The US has called on its allies to follow a wide ranging set of standards aimed at improving global cyber security – and said it will take whatever means necessary to enforce a safer web.
In its International Strategy for Cyberspace, the US laid out ideals to spread an open and interoperable internet, but it also underlined its intention to act as global policeman on the web.
“To realise this future and help promulgate positive norms, the United States will combine diplomacy, defence, and development to enhance prosperity, security, and openness so all can benefit from networked technology,” the White House paper said.
The document set out a framework for what it considered acceptable state behaviour on the internet, including protection of privacy and intellectual property, freedom of expression and a right to self defence.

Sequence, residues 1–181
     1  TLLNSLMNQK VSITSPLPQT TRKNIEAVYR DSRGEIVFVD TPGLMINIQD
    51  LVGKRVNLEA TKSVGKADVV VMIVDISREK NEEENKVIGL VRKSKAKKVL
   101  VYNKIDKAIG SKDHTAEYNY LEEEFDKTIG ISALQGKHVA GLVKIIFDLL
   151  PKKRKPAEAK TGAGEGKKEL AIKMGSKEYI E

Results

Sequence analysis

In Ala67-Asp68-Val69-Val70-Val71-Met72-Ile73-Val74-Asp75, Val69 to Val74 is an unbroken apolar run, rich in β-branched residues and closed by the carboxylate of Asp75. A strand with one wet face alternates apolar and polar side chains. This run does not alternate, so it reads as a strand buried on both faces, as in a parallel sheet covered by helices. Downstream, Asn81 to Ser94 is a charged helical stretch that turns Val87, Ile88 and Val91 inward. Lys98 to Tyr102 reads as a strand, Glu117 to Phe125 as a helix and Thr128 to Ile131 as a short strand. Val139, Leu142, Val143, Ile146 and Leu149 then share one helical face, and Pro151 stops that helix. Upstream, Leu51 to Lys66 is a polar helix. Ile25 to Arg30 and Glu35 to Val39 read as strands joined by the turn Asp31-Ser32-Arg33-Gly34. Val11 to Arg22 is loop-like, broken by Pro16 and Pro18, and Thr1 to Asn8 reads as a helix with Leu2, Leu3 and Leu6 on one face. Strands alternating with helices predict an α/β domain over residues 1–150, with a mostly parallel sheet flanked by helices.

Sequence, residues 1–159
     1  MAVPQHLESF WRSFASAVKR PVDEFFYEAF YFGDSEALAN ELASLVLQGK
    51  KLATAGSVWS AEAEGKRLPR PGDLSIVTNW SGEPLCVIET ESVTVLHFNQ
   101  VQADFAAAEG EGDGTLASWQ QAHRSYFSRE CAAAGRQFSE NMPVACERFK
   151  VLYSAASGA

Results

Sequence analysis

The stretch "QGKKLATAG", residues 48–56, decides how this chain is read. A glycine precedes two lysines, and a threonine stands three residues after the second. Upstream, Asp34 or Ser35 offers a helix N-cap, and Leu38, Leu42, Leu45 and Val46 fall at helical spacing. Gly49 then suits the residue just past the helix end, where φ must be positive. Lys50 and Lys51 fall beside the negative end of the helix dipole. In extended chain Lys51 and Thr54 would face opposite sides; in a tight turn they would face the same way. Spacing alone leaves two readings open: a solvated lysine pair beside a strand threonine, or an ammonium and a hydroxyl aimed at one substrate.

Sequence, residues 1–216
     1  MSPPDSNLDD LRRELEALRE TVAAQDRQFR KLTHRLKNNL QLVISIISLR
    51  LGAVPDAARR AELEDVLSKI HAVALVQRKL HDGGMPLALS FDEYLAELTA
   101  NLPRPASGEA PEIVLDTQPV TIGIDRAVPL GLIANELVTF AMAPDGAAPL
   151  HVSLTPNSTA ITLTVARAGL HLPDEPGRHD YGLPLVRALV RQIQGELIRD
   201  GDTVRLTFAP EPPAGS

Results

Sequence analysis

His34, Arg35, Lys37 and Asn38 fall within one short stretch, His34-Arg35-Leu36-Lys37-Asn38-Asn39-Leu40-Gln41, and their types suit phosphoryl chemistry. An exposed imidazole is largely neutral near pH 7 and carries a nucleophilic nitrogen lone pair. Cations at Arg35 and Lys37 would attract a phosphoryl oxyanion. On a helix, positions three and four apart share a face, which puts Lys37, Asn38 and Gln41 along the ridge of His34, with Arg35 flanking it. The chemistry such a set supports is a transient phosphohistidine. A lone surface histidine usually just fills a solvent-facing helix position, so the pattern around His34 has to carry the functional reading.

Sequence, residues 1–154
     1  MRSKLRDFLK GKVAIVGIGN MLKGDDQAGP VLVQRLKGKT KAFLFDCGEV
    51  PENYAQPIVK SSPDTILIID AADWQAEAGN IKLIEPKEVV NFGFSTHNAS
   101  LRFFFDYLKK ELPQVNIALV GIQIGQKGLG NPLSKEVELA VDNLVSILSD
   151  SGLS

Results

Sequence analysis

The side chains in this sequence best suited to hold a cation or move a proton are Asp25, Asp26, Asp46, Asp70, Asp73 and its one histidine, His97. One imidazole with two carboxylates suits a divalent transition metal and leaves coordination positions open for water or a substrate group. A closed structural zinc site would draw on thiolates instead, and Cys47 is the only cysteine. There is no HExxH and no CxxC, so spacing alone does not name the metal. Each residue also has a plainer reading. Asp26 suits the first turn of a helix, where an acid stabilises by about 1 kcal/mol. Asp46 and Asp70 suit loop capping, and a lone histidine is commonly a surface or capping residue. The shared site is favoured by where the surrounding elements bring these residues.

Calling on its Nato allies for support, the US said it would push for other nations to fall into line with its vision for international behaviour online, and would enforce its goals through a wide-ranging set of sanctions.
“The US will, along with other nations, encourage responsible behaviour and oppose those who would seek to disrupt networks and systems, dissuading and deterring malicious actors, and reserving the right to defend these vital national assets as necessary and appropriate,” the strategy said.
“We reserve the right to use all necessary means — diplomatic, informational, military, and economic — as appropriate and consistent with applicable international law, in order to defend our nation, our allies, our partners, and our interests.
“In so doing, we will exhaust all options before military force whenever we can.”
The White House also called for a more unified approach to cyber security threats and better collaboration between Computer Emergency Response Teams around the world.
This article originally appeared at pcpro.co.uk